Shostack + Friends Blog Archive


Best Practices in Tax Management

Someone sent me a link to “How to Audit-Proof Your Tax Return: Don’t e-File,” by Paul Caron. In it he quotes a plausible theory that “you are giving the IRS easy electronic access to information it would otherwise have to enter, enabling the agency to examine your return and mine the data more easily than it otherwise could.”

The article he’s quoting “Ten Ways To Audit Proof Your Tax Return” didn’t appear in some blog, it appeared in Forbes, and one might think they did some fact checking or something.

Now Paul is also credible. He’s Associate Dean of Faculty and Charles Hartsock Professor of Law at the University of Cincinnati College of Law. His blog asserts that it’s “the most-visited law-focused blog edited by a single law professor.” The Wall St Journal has called his blog a must-read. This isn’t some wacko.

I thought that was a neat idea, presented in a reputable magazine, backed by an apparent expert — a best practice, if you will — and sent it to my tax guy.

He wrote back:

One of my partners almost exclusively files on paper and his audit rate is no different than the rest of us who almost exclusively file electronically.

I love that my accountant is better than me at calling people on best practices. Thanks, Jeff!

(Yes, yes, to really test it, we’d want a larger sample, etc..)

6 comments on "Best Practices in Tax Management"

  • None says:

    And why should we trust your “tax guy”?

  • Adam says:


    Because he presents more data than the other side, who just offer a theory?

  • Adam says:

    Err, more empirical analysis, not raw data.

  • C says:

    Ok… so I don’t know how the government handles the data storage on this stuff, but I think its pretty ludicris to think they aren’t gonna mine your data because it was filed via paper. More work for them to put it in, yes. But work I’m pretty sure they are gonna do anyway.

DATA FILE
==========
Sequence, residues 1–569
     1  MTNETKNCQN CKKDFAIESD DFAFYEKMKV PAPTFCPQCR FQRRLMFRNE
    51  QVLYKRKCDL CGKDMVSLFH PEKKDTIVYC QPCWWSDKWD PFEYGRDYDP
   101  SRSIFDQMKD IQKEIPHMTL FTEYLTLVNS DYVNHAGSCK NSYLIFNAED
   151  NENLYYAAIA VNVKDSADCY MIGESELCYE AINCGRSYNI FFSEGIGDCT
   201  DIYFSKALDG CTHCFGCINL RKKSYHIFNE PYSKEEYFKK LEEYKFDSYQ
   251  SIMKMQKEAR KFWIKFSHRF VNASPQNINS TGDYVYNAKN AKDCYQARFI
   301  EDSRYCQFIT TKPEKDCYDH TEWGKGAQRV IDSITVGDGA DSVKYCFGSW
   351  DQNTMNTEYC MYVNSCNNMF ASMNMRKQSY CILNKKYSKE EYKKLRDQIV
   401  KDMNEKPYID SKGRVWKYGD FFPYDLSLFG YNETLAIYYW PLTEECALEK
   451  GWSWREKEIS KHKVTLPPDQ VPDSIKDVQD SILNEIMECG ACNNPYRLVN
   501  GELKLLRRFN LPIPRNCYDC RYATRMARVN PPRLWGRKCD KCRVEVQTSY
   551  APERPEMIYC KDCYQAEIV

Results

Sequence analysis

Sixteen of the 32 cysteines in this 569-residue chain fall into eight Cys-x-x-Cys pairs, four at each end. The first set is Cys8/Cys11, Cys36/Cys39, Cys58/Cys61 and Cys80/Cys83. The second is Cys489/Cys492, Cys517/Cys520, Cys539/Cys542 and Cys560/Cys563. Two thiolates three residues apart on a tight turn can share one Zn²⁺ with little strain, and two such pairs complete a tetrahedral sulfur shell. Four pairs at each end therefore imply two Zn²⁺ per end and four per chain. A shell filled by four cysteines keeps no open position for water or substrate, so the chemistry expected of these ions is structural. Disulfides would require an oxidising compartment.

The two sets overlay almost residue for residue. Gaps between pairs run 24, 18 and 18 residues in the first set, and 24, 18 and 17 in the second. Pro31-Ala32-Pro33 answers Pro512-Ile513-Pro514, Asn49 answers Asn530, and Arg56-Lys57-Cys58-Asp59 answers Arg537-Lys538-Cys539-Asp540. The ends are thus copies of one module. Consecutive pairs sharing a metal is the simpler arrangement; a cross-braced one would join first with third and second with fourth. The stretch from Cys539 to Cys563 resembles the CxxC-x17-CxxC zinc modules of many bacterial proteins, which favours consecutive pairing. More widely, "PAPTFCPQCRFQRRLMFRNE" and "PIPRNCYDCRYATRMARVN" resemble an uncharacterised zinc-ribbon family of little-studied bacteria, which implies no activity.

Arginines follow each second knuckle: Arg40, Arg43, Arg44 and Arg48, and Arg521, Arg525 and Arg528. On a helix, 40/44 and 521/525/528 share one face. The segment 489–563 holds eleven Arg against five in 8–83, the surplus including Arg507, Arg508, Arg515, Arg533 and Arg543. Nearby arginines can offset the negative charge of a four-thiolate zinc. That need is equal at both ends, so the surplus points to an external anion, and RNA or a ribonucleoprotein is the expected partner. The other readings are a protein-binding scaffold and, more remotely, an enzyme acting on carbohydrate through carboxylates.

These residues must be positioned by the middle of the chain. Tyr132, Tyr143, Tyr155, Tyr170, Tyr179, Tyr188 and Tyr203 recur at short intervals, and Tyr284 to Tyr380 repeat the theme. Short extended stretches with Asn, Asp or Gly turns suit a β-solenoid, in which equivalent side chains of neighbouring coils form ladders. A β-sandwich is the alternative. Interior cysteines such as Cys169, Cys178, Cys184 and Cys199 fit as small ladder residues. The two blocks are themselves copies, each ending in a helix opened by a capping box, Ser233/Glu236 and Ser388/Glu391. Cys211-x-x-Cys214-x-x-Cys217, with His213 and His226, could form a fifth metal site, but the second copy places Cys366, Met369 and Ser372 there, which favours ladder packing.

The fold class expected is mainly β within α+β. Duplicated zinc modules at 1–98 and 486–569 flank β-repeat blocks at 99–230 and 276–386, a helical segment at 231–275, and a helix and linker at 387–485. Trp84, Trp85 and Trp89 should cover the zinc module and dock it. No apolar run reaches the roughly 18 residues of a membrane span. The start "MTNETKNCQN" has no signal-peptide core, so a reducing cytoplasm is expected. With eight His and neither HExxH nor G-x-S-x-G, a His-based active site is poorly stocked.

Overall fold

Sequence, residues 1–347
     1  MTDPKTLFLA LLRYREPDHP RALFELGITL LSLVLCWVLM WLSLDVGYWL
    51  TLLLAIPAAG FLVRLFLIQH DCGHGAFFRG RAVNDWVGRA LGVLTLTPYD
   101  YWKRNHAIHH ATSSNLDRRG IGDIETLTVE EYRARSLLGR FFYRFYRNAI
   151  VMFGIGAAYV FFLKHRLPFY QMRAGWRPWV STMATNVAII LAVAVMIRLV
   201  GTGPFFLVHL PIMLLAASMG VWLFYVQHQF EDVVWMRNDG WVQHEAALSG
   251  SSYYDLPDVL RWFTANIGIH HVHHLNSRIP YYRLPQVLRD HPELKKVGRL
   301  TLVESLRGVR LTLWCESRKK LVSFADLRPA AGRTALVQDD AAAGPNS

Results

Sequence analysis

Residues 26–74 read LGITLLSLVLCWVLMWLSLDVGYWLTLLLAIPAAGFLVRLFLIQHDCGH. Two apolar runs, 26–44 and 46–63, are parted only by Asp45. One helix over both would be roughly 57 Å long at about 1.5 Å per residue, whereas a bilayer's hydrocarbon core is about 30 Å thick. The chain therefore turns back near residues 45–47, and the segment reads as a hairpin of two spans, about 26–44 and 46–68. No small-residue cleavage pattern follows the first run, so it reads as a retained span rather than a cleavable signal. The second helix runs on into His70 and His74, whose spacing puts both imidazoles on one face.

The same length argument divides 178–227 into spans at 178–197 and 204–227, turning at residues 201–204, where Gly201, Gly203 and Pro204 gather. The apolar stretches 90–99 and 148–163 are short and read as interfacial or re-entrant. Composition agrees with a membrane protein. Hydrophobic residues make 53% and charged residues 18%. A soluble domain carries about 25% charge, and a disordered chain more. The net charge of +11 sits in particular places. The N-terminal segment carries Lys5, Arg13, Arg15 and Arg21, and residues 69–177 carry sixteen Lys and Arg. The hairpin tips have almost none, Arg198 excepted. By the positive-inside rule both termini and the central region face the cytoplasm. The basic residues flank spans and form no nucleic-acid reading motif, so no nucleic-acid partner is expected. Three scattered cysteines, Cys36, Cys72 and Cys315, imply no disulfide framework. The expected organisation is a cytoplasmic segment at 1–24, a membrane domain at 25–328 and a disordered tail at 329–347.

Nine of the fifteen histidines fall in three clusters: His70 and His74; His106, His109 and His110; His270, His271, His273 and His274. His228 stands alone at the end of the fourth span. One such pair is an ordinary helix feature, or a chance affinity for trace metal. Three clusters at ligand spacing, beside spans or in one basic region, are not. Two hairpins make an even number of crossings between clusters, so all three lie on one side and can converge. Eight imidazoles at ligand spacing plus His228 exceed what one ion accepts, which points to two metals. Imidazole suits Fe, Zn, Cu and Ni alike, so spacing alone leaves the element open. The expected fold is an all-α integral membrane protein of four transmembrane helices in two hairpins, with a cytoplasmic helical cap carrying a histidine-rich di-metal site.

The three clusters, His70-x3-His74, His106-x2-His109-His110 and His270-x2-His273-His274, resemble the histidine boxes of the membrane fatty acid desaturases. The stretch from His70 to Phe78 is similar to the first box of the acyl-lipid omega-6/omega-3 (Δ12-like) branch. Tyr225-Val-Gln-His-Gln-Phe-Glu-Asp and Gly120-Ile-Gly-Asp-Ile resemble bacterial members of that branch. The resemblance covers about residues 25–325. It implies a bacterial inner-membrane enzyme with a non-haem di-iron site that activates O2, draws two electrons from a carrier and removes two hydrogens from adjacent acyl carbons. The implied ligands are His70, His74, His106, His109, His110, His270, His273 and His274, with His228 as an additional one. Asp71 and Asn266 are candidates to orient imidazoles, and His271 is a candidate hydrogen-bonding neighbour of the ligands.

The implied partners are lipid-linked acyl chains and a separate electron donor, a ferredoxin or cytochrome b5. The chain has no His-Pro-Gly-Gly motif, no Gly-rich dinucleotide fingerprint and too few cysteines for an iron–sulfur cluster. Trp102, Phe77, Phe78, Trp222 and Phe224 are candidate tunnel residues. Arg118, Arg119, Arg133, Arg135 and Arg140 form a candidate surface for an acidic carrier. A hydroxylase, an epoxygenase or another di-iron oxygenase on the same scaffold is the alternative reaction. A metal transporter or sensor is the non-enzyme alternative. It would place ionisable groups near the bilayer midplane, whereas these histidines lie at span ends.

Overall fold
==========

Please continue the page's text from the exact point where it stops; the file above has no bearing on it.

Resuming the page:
I think your tax guy is probably right. But what do I know, I work in computer security 😀

  • rob sama says:

    From my experience working with government officials, they are incredibly lazy. I’d be surprised if they don’t eventually get it read into their systems via OCR, but I wouldn’t be surprised if they had a backlog and don’t get to it right away. In any event, I still see no reason why I should make life any easier for the government to steal my money and audit my tax return, which I sign under penalty of perjury.

  • Tax Lawyer says:

    I’ve been included in taxations for lengthier then I care to acknowledge, both on the private side (all my working life story!!) and from a legal standpoint since passing the bar and following tax law. I’ve provided a lot of advice and corrected a lot of wrongs, and I must say that what you’ve posted makes impeccable sense. Please continue the good work – the more individuals know the better they’ll be outfitted to deal with the tax man, and that’s what it’s all about.

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